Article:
A challenge is something which takes you out of your comfort zone.
I am a lazy runner. I am very comfortable in my mind about where my limits are and what I can reasonably achieve. I run just enough to reach my target and rarely push myself hard enough to want to stop. I like to make my running easy. This weekend for the first time I scheduled two races less than 12 hours apart. I don’t even do normal training runs that close together! Why would any sane person want to push themselves that hard? I needed something to jerk me out of this complacency I have settled into.
No one would ever describe running a half marathon as easy; so combining it with a 10k race the night before would definitely be considered a challenge.
I might have enjoyed myself too much on Saturday night. I loved the Uni Lite Night trail, it was much more fun than expected with a great atmosphere. It was just that last vertical kilometre that made it a little bit harder than expected. After all who doesn’t want to run up a mountain in the dark? Just a little kick at the end to give the race a bit of zing. I power hiked to the top listening to the cheers at the finish line getting closer, then all too soon the race was over. I wondered if I had made the challenge too easy. Should I have pushed myself harder by running the marathon instead?
After about five hours sleep I set out for the Llanelli Half Marathon with one goal in mind…finishing. I knew I wasn’t going to be fast, this wasn’t about getting a PB, but I couldn’t run it as slowly as my normal training runs. That wouldn’t be challenging enough! It wasn’t as hard as I expected to start running again after such a short recovery period. In fact the only time I wondered if I was going to finish was before I crossed the start line. Once I started running I began to enjoy being out in the sunshine and appreciating the beautiful Welsh coastline. After the first five miles I settled into my normal walk/run routine and the mile markers started becoming targets in my mind. Slowing down was the right strategy. I could talk to other runners and still appreciate my surroundings. I was still enjoying myself.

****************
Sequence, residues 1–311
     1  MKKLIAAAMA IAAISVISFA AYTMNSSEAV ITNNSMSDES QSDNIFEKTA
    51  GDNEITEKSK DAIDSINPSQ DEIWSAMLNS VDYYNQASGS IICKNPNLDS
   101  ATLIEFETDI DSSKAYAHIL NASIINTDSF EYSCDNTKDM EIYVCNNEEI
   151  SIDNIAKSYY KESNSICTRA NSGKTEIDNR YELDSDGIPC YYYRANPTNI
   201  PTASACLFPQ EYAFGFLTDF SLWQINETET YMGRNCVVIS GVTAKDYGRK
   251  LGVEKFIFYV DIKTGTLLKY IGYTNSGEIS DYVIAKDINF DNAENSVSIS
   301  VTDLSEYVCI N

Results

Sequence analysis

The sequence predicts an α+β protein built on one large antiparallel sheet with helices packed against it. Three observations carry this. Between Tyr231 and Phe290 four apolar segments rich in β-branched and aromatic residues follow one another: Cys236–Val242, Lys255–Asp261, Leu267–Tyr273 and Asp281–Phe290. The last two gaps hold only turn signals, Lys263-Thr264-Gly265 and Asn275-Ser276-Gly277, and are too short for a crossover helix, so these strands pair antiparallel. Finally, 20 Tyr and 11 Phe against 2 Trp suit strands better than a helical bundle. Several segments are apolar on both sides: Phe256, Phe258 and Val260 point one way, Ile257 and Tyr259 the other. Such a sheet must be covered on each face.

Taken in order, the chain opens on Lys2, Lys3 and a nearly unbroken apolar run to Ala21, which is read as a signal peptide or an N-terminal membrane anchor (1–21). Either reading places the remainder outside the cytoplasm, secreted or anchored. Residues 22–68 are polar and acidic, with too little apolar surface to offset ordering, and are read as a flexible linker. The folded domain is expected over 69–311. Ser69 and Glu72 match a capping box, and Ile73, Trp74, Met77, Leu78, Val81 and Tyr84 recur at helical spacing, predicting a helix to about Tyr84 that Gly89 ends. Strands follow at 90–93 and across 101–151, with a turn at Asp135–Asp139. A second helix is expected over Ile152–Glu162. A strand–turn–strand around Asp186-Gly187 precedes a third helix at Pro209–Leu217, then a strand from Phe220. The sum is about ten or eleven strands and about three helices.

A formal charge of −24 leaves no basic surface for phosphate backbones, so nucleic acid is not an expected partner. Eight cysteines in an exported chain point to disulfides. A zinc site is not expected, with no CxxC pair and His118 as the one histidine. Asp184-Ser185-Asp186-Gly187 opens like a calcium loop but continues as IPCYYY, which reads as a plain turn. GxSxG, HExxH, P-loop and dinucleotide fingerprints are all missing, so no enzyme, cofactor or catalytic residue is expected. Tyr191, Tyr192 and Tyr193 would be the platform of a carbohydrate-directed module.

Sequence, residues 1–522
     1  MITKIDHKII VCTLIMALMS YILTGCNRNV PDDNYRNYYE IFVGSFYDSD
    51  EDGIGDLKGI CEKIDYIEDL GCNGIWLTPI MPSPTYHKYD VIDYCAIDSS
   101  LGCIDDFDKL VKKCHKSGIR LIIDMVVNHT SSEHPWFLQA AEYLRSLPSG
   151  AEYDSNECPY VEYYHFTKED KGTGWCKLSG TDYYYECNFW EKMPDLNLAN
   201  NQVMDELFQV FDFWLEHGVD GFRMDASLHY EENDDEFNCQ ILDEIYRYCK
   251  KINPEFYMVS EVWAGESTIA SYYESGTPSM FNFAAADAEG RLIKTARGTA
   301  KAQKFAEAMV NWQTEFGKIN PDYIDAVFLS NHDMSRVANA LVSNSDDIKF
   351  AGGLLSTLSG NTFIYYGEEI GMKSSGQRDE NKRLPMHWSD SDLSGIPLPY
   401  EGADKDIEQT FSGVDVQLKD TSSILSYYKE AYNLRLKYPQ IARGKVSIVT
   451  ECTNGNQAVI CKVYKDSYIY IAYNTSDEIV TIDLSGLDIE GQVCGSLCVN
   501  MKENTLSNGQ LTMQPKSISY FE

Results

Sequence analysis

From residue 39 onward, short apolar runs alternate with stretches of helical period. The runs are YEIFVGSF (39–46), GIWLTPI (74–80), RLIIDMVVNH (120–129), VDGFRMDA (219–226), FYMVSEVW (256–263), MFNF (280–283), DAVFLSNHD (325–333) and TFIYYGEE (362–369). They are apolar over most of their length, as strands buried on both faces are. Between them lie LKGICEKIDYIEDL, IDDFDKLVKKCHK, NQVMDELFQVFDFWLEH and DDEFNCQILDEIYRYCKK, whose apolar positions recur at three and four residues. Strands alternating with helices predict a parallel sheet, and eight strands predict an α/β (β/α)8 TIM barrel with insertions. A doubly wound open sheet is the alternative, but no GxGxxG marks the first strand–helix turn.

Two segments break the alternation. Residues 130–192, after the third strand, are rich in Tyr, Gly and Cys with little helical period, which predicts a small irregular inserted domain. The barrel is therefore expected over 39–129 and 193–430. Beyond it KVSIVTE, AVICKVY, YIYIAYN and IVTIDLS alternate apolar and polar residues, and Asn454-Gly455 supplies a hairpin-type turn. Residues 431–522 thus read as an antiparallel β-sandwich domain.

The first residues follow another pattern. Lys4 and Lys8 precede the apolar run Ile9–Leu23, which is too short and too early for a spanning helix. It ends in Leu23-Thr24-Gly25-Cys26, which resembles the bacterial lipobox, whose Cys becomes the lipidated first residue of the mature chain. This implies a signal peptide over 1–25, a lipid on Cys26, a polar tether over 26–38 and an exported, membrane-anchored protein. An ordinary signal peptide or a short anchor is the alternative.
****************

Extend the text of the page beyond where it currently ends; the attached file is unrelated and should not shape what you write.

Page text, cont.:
By mile 10 the night before was catching up on me; there were shooting pains up the side of my leg, I was hot and I lost my sense of humour somewhere back at mile eight. I was also getting paranoid. Why were the runners coming from the other direction starting to shout encouraging things at me? Did I look like I was losing the plot or maybe in imminent danger of collapse? Why were they smiling so much? Then I reached the final turn round point. Two and a half miles to go; less than a park run! That never fails to amuse.
I can’t say I suddenly got faster. I didn’t. It didn’t suddenly become easier. I kept to my run walk intervals and counted down the minutes. I did do my normal sprint finish for the finish line and I know there were more miles left in my legs which is a good way to end any run. My mantra these days is run easy enough to be able run another day. Does that make me lazy? Maybe.
I haven’t achieved a zen like state to help me understand the mysteries of the ultra. It was a challenge and it took me out of my comfort zone a little bit. That’s enough to keep me from getting complacent about my running.
What I did learn this weekend is a new respect for 13.1 miles. It’s a long way, a huge journey. It isn’t ‘just a half’. It’s half of nothing! I remembered why it’s my favourite distance. You get a real sense of achievement. It lasts long enough to be challenging without becoming tedious. Today I ran my tenth half marathon and it was still a challenge.